A small girl in Tanzania is getting ready to go to sleep. She is tucked safely in her bed, surrounded by mosquito netting. “Hey mosquito, I hear you, but you can’t get at me,” she says. “My net is treated.”

The girl is featured in a short video clip that’s part of Sesame Workshop’s “Killimani Sesame” show, produced specifically for Tanzania. The goal is to fight malaria, which each year kills roughly 60,000 in the African country—80% of them children.

Explaining the importance of using mosquito netting treated with insecticide is an example of the kind of health promotion message that Sesame Workshop—the nonprofit that created the children’s public television show “Sesame Street,” featuring Muppets like Elmo, Cookie Monster, and Big Bird—disseminates everywhere from Nigeria to Northern Ireland. This and similar efforts were the subject of a February 12, 2013 talk at Harvard School of Public Health by Abigail Bucuvalas, Sesame Workshop’s assistant director of global education. The talk was part of the Health Communication Concentration Speaker Series.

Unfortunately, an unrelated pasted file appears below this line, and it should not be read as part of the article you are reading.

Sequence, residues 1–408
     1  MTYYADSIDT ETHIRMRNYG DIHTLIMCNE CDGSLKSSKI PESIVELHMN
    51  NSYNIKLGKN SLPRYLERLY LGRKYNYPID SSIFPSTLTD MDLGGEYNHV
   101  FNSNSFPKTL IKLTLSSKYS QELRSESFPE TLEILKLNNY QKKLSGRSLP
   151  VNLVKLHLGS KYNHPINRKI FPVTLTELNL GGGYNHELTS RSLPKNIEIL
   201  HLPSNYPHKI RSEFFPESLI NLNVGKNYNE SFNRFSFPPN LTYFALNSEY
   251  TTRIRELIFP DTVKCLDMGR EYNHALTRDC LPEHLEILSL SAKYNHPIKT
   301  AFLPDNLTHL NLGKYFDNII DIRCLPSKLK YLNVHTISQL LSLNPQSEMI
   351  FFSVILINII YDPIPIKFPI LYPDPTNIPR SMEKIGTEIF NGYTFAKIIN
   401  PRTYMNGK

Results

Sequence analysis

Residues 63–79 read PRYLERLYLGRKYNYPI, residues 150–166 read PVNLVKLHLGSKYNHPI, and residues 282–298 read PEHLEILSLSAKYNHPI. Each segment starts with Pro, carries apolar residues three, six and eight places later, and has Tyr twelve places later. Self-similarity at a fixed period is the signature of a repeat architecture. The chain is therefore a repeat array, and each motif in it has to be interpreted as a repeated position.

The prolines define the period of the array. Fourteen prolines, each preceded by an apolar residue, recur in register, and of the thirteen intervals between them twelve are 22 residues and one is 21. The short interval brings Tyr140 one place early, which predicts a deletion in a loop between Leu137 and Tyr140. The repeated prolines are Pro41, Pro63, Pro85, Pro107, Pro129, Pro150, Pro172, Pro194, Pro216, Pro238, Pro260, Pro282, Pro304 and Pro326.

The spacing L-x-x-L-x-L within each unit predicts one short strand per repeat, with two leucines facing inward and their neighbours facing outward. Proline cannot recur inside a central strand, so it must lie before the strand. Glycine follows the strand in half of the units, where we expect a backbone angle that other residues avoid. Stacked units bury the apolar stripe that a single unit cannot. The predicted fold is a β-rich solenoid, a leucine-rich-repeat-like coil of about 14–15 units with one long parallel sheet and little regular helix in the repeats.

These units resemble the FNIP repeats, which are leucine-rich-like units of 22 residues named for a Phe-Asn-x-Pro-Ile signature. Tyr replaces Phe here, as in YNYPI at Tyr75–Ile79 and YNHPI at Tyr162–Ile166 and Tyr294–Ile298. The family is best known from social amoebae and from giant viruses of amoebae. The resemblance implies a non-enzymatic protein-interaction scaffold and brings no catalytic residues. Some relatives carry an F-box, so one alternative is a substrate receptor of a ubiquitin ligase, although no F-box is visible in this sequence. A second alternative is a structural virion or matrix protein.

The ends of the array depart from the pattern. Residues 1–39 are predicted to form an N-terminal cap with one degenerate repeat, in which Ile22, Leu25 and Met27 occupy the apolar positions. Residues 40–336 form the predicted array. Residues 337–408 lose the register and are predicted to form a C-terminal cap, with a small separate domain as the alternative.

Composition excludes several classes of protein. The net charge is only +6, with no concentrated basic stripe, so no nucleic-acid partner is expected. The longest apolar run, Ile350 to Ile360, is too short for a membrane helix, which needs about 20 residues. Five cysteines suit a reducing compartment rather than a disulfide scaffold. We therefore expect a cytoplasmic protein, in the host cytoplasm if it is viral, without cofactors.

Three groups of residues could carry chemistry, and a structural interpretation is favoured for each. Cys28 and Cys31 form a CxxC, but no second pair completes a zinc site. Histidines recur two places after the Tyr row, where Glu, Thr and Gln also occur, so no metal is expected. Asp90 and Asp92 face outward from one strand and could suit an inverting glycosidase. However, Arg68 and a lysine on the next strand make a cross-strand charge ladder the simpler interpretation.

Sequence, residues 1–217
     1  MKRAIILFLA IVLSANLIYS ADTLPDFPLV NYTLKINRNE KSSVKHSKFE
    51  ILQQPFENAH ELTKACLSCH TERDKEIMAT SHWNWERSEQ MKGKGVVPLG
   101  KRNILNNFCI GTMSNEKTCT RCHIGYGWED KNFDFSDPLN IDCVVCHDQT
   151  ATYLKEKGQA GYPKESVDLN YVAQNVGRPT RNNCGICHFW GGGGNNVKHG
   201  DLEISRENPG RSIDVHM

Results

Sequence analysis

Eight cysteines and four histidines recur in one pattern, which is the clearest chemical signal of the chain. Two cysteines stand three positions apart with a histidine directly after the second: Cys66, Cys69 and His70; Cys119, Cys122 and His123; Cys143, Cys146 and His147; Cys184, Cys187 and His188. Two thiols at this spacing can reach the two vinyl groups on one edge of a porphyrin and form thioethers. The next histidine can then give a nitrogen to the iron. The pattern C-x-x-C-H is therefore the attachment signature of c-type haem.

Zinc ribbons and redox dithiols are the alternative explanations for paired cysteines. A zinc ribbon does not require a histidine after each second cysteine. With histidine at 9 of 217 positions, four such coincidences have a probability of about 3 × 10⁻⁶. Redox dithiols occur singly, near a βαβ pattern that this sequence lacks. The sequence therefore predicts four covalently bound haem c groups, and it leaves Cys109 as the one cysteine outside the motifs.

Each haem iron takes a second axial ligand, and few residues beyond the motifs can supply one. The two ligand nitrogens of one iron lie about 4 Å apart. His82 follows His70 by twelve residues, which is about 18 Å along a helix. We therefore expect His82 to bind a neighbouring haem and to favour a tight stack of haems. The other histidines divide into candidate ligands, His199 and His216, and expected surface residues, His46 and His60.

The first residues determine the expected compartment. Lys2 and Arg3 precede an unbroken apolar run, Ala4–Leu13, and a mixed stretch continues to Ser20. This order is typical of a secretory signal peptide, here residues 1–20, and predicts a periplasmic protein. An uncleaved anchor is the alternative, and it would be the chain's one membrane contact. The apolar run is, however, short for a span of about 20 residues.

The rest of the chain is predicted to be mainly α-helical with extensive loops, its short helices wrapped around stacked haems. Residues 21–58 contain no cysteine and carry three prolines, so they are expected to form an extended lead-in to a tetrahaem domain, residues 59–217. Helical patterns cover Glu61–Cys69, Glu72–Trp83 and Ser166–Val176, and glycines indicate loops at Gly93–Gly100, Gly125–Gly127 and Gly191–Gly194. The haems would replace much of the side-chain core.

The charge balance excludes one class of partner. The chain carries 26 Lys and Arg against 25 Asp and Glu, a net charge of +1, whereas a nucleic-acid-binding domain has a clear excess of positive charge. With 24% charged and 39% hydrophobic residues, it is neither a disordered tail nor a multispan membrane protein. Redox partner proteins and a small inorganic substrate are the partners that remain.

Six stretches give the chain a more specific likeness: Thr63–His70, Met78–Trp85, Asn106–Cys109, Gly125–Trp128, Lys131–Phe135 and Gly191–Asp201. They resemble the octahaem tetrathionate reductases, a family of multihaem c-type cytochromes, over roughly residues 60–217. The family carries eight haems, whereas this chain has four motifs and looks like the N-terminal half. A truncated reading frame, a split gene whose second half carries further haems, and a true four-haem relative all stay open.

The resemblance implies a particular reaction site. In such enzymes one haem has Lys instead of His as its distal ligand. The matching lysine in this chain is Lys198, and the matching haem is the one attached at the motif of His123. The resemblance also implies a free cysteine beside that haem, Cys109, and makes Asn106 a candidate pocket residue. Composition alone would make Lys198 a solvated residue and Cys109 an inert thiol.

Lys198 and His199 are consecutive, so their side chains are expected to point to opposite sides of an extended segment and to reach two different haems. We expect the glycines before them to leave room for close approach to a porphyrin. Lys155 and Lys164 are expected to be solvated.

“There’s an enormous number of health issues that we could try to address around the world,” Bucuvalas said. “More and more, we’re seeing that many of the developing countries we work in have a double burden of disease. Infectious diseases like HIV and malaria are still a problem, but increased access to high-calorie foods and an increasingly sedentary lifestyle are causing increases in diabetes and obesity as well.”

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